COLLEGE STATION – Dr. Tri Duong, who has joined Texas AgriLife Research in College Station as a microbiologist in poultry science, has ambitions both in science and evangelizing the importance of science as a professional career, he said.
Duong said his research focuses on both human health and animal agriculture, particularly how science can impact both in a beneficial way. For example, he does cutting-edge work in developing an oral anthrax vaccine administered by eating yogurt instead of traditional innoculation.
“This experimental vaccine has been developed with the Army for testing in mice and it could be used for humans,” he said. “Right now, you go to the doctor and get a shot. There are questions of auto-immunity; you have to train medical staff to administer the vaccine; you have the production aspect of it. It’s expensive. If you can grow it in yogurt, you’ve taken care of production, storage and delivery.”
Duong will be working with fellow researcher Dr. Jason Lee in the poultry science department.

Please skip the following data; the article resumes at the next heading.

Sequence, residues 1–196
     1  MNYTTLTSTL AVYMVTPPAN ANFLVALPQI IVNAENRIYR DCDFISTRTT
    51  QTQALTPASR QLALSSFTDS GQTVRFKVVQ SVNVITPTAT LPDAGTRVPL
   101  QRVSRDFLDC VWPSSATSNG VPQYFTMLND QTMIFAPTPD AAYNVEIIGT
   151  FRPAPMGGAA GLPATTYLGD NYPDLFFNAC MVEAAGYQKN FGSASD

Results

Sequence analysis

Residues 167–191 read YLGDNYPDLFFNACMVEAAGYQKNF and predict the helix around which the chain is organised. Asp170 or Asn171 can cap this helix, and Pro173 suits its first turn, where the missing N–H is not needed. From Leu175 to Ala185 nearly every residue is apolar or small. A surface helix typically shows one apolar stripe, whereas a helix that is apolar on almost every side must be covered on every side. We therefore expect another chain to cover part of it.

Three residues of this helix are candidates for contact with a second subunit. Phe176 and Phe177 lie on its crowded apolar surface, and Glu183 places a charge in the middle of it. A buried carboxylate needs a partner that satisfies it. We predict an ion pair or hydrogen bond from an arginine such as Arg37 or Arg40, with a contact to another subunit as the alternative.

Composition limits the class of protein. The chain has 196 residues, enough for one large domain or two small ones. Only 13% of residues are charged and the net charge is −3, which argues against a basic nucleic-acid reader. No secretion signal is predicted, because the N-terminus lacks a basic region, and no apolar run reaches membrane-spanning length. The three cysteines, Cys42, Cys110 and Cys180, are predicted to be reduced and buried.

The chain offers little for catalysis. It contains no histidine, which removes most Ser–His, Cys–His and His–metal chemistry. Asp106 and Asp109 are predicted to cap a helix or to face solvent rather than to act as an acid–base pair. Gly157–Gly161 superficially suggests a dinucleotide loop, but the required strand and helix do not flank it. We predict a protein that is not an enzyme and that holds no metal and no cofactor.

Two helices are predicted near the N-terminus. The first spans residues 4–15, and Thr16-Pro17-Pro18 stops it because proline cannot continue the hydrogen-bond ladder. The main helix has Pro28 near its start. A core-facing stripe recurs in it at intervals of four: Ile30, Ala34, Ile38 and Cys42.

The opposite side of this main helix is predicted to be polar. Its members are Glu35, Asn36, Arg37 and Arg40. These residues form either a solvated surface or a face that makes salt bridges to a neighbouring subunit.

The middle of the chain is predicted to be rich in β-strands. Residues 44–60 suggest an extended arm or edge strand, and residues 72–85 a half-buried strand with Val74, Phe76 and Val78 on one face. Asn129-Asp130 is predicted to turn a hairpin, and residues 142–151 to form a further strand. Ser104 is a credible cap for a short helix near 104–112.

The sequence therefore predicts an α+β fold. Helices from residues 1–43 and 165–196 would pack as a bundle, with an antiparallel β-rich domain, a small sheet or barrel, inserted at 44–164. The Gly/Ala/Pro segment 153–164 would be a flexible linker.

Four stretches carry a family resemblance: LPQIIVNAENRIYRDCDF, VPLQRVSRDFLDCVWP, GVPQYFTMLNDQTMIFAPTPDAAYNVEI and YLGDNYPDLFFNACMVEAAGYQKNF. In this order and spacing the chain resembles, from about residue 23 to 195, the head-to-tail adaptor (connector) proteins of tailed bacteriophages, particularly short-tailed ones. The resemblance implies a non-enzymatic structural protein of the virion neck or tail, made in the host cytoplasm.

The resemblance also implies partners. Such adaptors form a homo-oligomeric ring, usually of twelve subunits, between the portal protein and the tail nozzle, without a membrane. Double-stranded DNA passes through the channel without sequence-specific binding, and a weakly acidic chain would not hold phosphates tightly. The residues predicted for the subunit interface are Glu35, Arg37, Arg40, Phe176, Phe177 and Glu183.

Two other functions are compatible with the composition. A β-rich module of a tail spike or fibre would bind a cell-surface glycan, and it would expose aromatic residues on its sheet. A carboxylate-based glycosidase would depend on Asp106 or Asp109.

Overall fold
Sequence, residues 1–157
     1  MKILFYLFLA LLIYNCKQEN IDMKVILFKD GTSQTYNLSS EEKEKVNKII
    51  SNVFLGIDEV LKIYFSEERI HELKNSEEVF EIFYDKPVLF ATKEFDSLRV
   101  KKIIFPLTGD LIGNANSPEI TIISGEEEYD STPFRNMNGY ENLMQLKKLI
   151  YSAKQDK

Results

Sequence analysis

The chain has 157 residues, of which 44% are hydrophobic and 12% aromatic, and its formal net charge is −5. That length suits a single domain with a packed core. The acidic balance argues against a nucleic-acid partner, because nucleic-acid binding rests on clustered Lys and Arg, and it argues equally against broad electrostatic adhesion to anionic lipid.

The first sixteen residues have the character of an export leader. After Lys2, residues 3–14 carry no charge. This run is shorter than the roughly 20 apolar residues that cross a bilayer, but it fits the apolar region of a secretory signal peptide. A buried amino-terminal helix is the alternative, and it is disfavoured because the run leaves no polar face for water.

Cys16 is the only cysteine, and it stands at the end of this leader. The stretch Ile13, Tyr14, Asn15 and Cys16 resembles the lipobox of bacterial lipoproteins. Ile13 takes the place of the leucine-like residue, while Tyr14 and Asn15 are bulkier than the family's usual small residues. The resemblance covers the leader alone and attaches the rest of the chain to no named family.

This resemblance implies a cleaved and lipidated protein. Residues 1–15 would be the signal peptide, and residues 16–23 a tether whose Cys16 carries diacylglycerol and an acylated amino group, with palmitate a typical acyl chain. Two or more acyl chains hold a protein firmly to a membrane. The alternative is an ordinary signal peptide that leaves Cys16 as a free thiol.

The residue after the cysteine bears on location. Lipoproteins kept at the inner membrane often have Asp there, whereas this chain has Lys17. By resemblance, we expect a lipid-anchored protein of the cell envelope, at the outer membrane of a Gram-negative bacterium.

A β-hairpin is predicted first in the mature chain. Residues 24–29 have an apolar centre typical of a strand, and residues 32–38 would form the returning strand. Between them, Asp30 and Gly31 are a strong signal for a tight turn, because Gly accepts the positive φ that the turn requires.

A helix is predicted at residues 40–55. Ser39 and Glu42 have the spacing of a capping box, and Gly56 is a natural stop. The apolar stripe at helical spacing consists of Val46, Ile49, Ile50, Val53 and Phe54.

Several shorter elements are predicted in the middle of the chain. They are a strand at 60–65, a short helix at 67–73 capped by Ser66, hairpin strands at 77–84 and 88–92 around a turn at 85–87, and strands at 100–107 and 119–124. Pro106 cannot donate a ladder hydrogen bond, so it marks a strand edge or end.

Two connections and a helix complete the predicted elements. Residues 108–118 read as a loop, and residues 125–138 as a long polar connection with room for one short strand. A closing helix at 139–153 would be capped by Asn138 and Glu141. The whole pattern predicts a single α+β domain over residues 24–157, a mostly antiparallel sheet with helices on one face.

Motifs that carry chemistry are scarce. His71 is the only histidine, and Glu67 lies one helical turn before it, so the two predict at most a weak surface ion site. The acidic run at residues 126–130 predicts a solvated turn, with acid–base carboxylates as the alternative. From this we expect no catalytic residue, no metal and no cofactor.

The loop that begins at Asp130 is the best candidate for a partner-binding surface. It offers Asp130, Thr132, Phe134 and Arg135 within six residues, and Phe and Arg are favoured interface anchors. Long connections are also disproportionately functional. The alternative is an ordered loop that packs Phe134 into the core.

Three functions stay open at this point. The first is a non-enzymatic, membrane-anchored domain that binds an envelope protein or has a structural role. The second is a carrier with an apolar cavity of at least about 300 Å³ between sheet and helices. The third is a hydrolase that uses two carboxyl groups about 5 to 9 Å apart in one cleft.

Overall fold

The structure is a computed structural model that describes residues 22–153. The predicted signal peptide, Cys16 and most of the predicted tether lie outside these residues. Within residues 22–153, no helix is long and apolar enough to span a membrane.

“Our research program seeks to understand the role of gastrointestinal microflora on human and animal health, and nutrition and food safety, with a focus on the use of probiotic microorganisms in agriculture and health care,” he said.
Probiotics have a long list of recognized benefits, but perhaps the most well-recognized are improved digestive and immune health, he said.
“Recently, the development of molecular genetic tools and advances in genomics have improved our understanding of the functionality of these organisms and given us the ability to manipulate them for our benefit,” he said. “Using our understanding of these organisms and their physiology, one area we hope to focus on is the development of probiotic strains for the oral delivery of vaccines and bio-therapeutics.”
Regarding agriculture, particularly the poultry industry, Duong says improved feed efficiency and nutrition are important.
“Feed costs are going through the roof right now,” he said. “Many components of feedstuffs are undigestible and by supplementing with the right probiotics we could improve nutrient utilization. Obviously, this type of discovery would help improve margins throughout the industry.”
Duong said he is an evangelist for science and wants to recruit more youth to the field.
“Scientific innovation will be of critical importance if we want the U.S. to remain a world leader,” he said. “We need to encourage young people to be interested in science, find a way to make it popular again like it was back in the1950s when man first went into space.”
Duong received his doctorate in functional genomics from North Carolina State University.